“For many Mumbaikars, home is here and there, stretched between two inescapable and complimentary polarities,” says the exhibition’s curatorial note. Just as the village house is transformed into an “aspirational city house”, thanks to the new money, some residential areas in Mumbai emanate the communal atmospherics of rural life. The transforming village home and the city flat constitute “the two inescapable and complimentary polarities”, cemented by the migrants’ desire to simultaneously belong to both these spaces.

Such “homegrown” neighbourhoods are Bhandup, Ghatkopar, Naigaon, Shivaji Nagar and Dharavi, the exhibition shows. The community of migrants in these areas live in close proximity to each other just the way they would, back in their villages, according to urbz architect Marius Helten. However, the proximity may also have to do with the city’s space constraints, unlike a village that has a lot more open space.

IMG_0674

Public transport systems of the railways, auto-rickshaws, and buses inevitably contribute to the paradigm of the circular migrant’s life. Artist Sandeep Bhoir essays this back-and-forth movement of migrants onto a large circular “canvas”, placed at the exhibition’s entry. Bhoir’s traditional Warli art-work represents two worlds, the idyllic pastoral life and the rhythmic chaos of cities. The folk element, which personifies the Warli art form, pervades the city-village representation. Perhaps, it’s an implicit pointer to the fact that the memory of “the historical” never fades, irrespective of a migrant’s present geographical location.

IMG_0662

IMG_0655

IMG_0656

The question of belongingness continues to return, or haunt, the migrant’s narrative. In one of the documentaries shown at the exhibition, a man says he belongs 50 percent to his village and the rest to his city home. The belongingness, he adds, is complete.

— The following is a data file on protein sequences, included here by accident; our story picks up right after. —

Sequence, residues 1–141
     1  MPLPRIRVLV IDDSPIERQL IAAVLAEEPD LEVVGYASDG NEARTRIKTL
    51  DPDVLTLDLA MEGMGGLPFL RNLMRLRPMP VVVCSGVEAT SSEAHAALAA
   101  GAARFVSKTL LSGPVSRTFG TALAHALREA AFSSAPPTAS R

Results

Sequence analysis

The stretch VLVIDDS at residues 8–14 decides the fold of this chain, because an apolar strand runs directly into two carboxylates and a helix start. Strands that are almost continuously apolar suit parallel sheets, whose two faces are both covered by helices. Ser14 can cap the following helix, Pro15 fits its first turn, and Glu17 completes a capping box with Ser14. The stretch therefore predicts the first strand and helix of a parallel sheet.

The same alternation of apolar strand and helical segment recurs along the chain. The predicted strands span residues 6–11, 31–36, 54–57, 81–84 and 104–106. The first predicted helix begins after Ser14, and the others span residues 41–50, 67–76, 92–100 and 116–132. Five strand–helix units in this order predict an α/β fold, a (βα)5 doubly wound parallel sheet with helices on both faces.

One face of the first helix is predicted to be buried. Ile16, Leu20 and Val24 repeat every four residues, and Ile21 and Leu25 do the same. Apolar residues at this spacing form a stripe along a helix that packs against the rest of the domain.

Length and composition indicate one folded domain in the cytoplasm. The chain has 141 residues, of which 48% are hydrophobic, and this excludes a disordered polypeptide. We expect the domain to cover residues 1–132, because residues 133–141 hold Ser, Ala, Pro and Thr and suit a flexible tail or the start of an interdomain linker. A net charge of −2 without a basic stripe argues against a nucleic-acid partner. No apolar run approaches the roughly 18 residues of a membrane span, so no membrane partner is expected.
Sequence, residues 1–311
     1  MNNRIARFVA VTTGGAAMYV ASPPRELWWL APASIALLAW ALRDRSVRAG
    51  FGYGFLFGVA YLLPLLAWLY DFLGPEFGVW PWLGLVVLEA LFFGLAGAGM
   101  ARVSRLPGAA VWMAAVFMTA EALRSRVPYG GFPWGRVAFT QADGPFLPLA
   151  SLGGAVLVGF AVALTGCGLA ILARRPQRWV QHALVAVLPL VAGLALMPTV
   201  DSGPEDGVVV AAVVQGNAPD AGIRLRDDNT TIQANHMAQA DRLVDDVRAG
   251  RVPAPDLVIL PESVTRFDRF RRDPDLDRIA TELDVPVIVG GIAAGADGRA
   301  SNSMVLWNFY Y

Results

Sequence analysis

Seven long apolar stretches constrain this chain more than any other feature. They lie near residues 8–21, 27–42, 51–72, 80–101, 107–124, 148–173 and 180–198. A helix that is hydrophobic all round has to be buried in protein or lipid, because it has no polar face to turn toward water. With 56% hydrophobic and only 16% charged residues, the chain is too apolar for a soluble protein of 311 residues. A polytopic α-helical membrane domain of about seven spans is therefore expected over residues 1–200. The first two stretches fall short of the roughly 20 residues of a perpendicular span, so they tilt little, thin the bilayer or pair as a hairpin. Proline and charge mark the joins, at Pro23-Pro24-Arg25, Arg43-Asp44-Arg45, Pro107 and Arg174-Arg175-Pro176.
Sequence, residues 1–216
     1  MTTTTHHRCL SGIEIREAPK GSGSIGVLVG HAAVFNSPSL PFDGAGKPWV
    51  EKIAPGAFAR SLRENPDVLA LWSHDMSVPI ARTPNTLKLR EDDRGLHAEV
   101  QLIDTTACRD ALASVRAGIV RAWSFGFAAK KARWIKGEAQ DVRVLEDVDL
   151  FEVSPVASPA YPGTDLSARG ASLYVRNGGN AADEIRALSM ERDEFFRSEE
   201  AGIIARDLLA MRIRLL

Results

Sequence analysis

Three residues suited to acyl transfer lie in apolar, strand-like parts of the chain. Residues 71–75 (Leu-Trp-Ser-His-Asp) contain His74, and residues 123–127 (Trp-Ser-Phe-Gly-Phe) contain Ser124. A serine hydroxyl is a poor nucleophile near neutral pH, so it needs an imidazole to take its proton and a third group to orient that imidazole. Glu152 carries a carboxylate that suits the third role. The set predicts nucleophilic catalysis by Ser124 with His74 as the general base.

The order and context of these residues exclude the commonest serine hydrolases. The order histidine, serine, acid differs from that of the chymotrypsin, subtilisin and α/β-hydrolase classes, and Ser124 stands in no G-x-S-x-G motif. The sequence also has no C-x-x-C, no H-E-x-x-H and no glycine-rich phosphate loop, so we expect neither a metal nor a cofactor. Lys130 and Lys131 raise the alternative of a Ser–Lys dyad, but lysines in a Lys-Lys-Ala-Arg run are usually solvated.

FullSizeRender

The exhibition closes on July 31, 2017.  

Rani Bagh, Mumbai’s green haven

IMG_0623

If you simply like looking at the trees, their twirling branches and the shadows they create, this is the place for you! This historical botanical garden, more than 150 years old, is Mumbai’s largest open green space and home to hundreds of species of plants and trees. This green haven in central Mumbai, spread over an area of over 50 acres, has multiple names. The garden’s original name is Victoria Gardens, which was renamed to Veermata Jijabai Bhosale Udyan. It is popularly known as Rani Bagh, and has survived its original glory despite a multi-crore plan by the BMC to redevelop it.

A successful campaign to save the Bagh by a group of women culminated into a book, Rani Bagh: 150 Years – Veermata Jijabai Bhosale Udyan and Zoo. Released on the 150th anniversary of the Bagh, the book chronicles the Garden’s historical journey, the campaign to rescue the area from being destroyed, and its relationship with Mumbai. Given the fact that the Garden has been named after women, it is only befitting that a group of women decided to save it from extinction.

The Garden, adjacent to the Victorian-style Dr. Bhau Daji Lad Museum in Byculla area, also has a zoo, a Sufi dargah or shrine, and some quaint spots to escape the overwhelming city humdrum. The best time to visit is, of course, during the monsoon season.

IMG_0577

IMG_0646

IMG_0571

IMG_0579

IMG_0581

IMG_0582

IMG_0599

IMG_0602

IMG_0642

IMG_0636

IMG_0626

IMG_0622

IMG_0619

IMG_0613